Some things I learned about the hand and their technical terms!! I learned that "pollicis" means "thumb", "digitorum" means "fingers" and that "carpi" means "wrist". Yay! I feel a lot smarter than I did before!! Well, somewhat anyways. I'm guessing we're going to be focusing on the hands next week, since we got assigned various hand muscles and such. I can't wait! I feel like I have a fascination for drawing hands... sorry, that sounds kind of gross and wrong, but I just like drawing things with more form, so that I can see the way skin overlaps the bones, and the bone structure. Probably also why I liked drawing the feet too..okay, now I just sound like some kind of freak. Sorry guys, I don't mean to freak you out. Peace!

Sunday, April 3, 2011

Week 9

Hi guys, this week was a stressful week for me, school life and whatnot. I'm still not in the right mindset for school yet, I think it'll be like this until school ends. I can't really focus these days. But anyways! This week, we just finished up our deltoids and trapezius' and all that fun stuff. We're really just doing more gesture drawings and such, like I've said before, I really need to practice on my 30 second gesture drawings. I always get frustrated when that 30 second timer goes off, because I feel like I didn't even get a chance to capture the essence of the pose yet. I always am only getting the spinal column and the ribcage down and sometimes the pelvic bones. But when I start drawing something else, the timer goes off. I need to learn how to capture everything faster and more correct, because most of the times, my drawings will have too long of a torso or something. Even when I'm drawing during the one minute poses, I sometimes take too long of a time trying to perfect the spine and the ribcage position that when I get to the pelvis, the timer goes off. I should really just learn that gesture drawings are just for capturing the moment and not all about getting everything correct, and that I shouldn't try to refine everything in my gesture drawings because they are only gestures.

This is my hour long drawing that I did of our model, I think it looks way off because her torso looks too long or I think it's because I drew her right thigh way too small. And I didn't finish her hands so of course that looks a little weird. lol I just realized that another thing that looked weird was the armpit doesn't really connect to the torso underneath the breast.

Sunday, March 27, 2011

Back from break!

We did some more gesture drawings this week, and I felt like I had already gotten rusty with my gesture drawings. I need to work more on trying to get the whole body in my gestures within the 30 seconds, because I usually spend too much time on just trying to get the spine and ribcage right. I loved working on drawing the feet the week before break, I felt like I really got the hang of drawing everything. My favorite part to draw of the feet was the malleolus, which again, is the raindrop shaped bone structure on the outside of your ankle.

This week, we learned about the Acromion Process and the summit of the shoulder, which is also known as the “high point”. The acromion process is connected to the shoulder blade part of your body and comes and wraps around your shoulder slightly. The shoulder girdle consists of your: clavicles, also known as your collar bones; scapula(e), also known as your shoulder blades; and the spine of the scapula. The scapula is located from about your 2nd to your 7th ribs, and it is about ½ the length of your ribcage.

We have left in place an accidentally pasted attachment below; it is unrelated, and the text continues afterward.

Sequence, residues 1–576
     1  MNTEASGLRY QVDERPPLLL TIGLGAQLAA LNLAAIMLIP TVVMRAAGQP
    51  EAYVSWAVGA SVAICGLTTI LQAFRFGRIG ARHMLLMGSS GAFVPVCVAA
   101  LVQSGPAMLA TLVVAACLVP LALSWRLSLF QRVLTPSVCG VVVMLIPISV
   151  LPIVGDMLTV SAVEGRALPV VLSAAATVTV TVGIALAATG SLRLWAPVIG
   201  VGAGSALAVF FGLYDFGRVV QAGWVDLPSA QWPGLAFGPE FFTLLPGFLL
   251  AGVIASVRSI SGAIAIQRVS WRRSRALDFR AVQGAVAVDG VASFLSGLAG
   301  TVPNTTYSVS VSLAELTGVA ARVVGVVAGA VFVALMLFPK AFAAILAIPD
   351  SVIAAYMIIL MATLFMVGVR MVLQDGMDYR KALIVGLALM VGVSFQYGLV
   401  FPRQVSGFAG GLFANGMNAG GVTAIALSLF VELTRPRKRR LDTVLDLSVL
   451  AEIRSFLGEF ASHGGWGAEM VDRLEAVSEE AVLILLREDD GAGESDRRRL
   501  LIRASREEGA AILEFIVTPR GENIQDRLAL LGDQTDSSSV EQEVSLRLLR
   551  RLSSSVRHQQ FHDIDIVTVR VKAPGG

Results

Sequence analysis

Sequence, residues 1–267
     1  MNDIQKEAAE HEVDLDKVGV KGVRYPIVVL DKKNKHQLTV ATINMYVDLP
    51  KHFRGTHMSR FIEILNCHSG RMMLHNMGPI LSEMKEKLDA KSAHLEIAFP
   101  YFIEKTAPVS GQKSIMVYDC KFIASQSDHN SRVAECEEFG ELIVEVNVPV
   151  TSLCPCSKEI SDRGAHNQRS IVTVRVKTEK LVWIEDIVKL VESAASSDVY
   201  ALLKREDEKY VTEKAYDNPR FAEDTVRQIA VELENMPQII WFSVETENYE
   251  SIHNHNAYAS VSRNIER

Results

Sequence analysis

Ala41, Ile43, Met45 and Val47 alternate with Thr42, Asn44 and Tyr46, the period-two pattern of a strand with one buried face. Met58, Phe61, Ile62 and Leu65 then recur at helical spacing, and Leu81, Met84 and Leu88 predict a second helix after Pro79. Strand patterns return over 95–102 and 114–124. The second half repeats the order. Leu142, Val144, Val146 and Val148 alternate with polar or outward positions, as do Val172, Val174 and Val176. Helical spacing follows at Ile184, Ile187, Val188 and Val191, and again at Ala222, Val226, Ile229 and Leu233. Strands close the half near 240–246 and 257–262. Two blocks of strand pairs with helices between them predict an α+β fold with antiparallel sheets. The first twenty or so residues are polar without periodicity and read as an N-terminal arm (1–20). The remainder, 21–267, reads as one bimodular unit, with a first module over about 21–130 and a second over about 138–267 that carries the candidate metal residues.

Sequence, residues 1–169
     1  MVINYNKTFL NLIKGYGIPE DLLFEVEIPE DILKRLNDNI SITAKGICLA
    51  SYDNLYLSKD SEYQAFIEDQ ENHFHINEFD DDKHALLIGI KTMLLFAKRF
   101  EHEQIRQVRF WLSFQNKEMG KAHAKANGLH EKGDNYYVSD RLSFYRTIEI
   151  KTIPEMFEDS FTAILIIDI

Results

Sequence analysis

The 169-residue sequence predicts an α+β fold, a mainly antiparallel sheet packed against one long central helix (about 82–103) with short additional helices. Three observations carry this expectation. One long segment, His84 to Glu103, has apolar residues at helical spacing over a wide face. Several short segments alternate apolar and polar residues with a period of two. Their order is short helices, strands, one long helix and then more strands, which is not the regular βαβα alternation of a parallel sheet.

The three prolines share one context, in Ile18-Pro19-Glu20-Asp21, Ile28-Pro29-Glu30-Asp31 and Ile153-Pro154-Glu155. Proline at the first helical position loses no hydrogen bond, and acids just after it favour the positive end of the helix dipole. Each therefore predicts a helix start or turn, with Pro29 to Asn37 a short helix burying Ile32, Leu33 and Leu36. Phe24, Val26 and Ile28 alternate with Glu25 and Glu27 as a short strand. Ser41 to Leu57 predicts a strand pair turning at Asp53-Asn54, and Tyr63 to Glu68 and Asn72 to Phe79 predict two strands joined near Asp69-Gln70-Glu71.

This week, we were assigned the deltoids, the latissimus dorsi, and the pectoralis (major). The deltoids consist of: the deltoideus pars spinalis, deltoideus pars acromialis, deltoideus pars clavicularis. The pectoralis major consists of: the pars abdominalis, pars sternocostalis, and the pars clavicularis. The trapezius consists of: the pars spinalis, pars acromialis, pars clavicularis.

This is my drawing of the tibia, fibula, and the patella.

Sunday, March 13, 2011

Week before break

This week, we started focusing on the legs and feet. Last week, we kind of defined the knees and femur a bit, but that transitioned into the tibia, the fibula, and the rest of the feet bones and muscles. I personally like drawing the feet and legs more, because I feel like we get more time to actually look at all the different tiny angles and more time to get everything to look more proportional. And I also think that the feet are little more interesting to look at and draw, don't get me wrong, I like drawing the torso and hips and everything else, but it's just, I've never really focused on feet before. We learned about the different mini-bones that makes up the feet, such as the cuneiforms, which means, “wedge”. The cuneiforms are made up of three wedges. The second cuneiform forms the bump on our feet. This really interested me, because I always noticed that my bump on my left foot was significantly larger than the bump on my right foot. Now I know what bones formed those bumps. I learned that there are 5 metatarsals for each foot, “meta” means “beyond”. The metatarsals consist of a “box”, “rod”, and a “ball”. It enables the toes to rotate. The toes are made up of three phalanges, except for the big toe; which only has two. The distal phalange is the very point of the toes that has the nail bed sitting on top of it.

This is the drawing from Friday's class, I thought the top foot was pretty successful, while I could have worked more on the bottom one, because it looked really wonky to me. No matter how much I fixed it, it did not look correct at all. As you can see, I first started drawing the feet really long, but I realized that it was foreshortened a little. My favorite part I drew of the top foot is the lateral malleolus, which we didn't learn yet, but Amy said it's the "raindrop"-shaped bone outside your ankle. A tip Amy gave me, was to lighten the lines of the objects that were further back in space (the heel in the top drawing), so the darker lines (the toes in front) would pop out more.